Edward F. Murphy, The Hill Fights: The First Battle of Khe Sanh. New York: Presidio (Ballantine), 2003. 284 pp. pb New York: Presidio (Ballantine), 2004. xx, 340 pp. Battles in the hills near Khe Sanh, culminating in early May 1967.
Edward F. Murphy, Semper Fi--Vietnam: From Da Nang to the DMZ, Marine Corps Campaigns, 1965-1975. Novato, CA: Presidio, 1997. xii, 356 pp.
William Murphy, Souvenirs of War: One Marine's War, an Entire Generation's Story. East Lansing, MI: Murchada, 2007. Murphy served with the 3/27 Marines, 1968-69.
John P. Murtha, with John Plashal, From Vietnam to 9/11: On the Front Lines of National Security. Pennsylvania State University Press, 2003. 244 pp. The first chapter includes Murtha's Vietnam service. In 1966, he was a major in the Marine Corps Reserve. He volunteered to return to active duty and go to Vietnam, where he was made the intelligence officer of the 1st Marine Regiment; he held that job for a year. In 1974, he became the first Vietnam veteran to be elected to Congress; he travelled to Vietnam early in 1975 to evaluate the question of supplementary aid, which as a Democratic Party hawk he supported, and again in 1978 in connection with the search for MIAs.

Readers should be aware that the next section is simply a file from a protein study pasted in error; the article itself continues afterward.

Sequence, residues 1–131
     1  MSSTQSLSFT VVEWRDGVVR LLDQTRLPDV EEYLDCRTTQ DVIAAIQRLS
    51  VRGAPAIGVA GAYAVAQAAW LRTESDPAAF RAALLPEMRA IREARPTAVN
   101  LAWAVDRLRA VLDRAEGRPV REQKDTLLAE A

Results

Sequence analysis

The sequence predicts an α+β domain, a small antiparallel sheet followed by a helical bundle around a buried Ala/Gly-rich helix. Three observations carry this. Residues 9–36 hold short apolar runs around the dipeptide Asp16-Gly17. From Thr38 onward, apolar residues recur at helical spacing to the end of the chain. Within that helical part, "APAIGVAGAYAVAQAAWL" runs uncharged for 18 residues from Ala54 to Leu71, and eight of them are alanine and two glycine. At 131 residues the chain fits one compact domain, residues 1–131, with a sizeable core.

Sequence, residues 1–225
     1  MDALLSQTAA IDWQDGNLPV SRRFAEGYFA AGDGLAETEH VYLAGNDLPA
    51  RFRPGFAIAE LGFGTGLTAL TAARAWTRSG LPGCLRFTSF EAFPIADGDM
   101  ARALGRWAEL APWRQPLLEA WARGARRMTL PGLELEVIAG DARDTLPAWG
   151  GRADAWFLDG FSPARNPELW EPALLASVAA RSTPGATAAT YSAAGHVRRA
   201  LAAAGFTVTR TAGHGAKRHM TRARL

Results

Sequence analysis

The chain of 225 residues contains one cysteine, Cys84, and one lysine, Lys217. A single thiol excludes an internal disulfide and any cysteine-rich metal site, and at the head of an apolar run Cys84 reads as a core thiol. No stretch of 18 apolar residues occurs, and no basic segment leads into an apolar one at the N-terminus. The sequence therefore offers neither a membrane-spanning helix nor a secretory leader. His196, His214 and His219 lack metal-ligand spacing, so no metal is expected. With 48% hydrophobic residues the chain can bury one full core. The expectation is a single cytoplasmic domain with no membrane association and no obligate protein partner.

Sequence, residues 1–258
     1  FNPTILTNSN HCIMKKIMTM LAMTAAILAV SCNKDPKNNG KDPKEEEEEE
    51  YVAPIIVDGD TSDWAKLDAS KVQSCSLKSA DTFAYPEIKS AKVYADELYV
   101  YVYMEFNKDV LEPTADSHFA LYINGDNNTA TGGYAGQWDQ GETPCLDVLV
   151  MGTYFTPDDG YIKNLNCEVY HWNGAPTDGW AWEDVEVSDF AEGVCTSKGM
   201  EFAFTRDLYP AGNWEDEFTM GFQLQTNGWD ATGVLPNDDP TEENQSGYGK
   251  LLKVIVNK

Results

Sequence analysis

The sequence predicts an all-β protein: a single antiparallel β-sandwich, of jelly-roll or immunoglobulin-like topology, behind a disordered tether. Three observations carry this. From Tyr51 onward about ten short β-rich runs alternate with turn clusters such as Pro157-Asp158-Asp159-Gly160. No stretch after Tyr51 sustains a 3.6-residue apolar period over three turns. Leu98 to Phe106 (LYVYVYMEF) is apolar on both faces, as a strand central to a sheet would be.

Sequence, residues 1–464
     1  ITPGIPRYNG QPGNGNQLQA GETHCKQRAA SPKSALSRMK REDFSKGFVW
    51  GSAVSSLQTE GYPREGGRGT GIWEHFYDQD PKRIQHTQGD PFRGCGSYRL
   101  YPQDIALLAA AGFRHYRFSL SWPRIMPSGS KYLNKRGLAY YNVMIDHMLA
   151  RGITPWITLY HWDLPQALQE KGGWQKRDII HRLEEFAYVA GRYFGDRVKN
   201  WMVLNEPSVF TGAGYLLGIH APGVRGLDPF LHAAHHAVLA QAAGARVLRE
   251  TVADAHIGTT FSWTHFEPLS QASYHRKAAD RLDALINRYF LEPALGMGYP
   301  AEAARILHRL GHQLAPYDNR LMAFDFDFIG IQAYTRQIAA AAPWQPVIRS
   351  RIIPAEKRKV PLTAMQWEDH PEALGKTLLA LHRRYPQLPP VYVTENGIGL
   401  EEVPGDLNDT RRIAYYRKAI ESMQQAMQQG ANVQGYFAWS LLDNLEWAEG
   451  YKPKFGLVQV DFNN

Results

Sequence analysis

Donald F. Myers, Your War, My War: A Marine in Vietnam. Indianapolis: Marine Corps League, (1995?). 398 pp. Myers served for an extended period in the 3d Marine Divison, ending when he was wounded in the A Shau in February 1969.
William L. Myers (ed.?), Honor the Warrior: The United States Marine Corps in Vietnam. Lafayette, LA: Redoubt, 2000. 294 pp.
David L. Nelson, David and Lee Roy: A Vietnam Story. Lubbock: Texas Tech University Press, 2011. 288 pp. Lt. Lee Roy Herron was killed in February 1969, in Operation Dewey Canyon. His friend David Nelson, who had served in the JAG Corps, investigated years later how this had happened.
Keith W. Nolan, Operation Buffalo: USMC Fight for the DMZ. Novato, CA: Presidio, 1991. A bloody battle that began July 2, 1967 with the 1/9 Marines, then drew in the 3/9, the 1/3, and the 2/3.
Keith W. Nolan, The Magnificent Bastards: The Joint Army-Marine Defense of Dong Ha, 1968. Novato, CA: Presidio Press, 1994. xii, 380 pp. 2/4 Marines and 3/21 Infantry against 320th PAVN Division, April-May 1968.